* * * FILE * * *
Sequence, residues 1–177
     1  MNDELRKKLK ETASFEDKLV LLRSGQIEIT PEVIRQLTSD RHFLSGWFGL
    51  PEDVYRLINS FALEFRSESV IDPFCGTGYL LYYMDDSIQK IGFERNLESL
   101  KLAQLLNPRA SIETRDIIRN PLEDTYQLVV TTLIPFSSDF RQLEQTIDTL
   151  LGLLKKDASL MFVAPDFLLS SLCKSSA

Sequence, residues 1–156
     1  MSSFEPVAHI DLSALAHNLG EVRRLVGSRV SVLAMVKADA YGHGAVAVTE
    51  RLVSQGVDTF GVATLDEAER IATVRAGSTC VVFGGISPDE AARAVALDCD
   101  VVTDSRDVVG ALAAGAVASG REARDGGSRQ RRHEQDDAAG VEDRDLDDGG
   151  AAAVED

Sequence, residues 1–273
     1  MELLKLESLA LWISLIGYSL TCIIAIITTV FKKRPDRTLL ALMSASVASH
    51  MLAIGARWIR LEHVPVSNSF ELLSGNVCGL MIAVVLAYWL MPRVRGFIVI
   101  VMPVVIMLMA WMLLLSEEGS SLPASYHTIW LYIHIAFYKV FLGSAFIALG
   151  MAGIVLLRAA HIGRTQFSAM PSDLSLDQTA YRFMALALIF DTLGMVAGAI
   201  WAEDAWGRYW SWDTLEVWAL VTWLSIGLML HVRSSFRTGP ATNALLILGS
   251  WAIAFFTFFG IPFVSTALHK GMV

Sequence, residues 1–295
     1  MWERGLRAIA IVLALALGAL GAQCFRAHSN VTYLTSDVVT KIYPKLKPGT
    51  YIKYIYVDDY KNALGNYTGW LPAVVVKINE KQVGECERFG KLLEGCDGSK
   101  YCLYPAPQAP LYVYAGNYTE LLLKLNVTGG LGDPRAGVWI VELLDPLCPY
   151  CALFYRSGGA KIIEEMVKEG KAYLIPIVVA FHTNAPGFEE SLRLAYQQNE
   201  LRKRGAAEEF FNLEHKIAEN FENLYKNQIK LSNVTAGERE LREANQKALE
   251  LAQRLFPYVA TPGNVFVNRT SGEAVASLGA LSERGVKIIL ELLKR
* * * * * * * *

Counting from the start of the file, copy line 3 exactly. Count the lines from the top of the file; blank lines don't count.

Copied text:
    51  PEDVYRLINS FALEFRSESV IDPFCGTGYL LYYMDDSIQK IGFERNLESL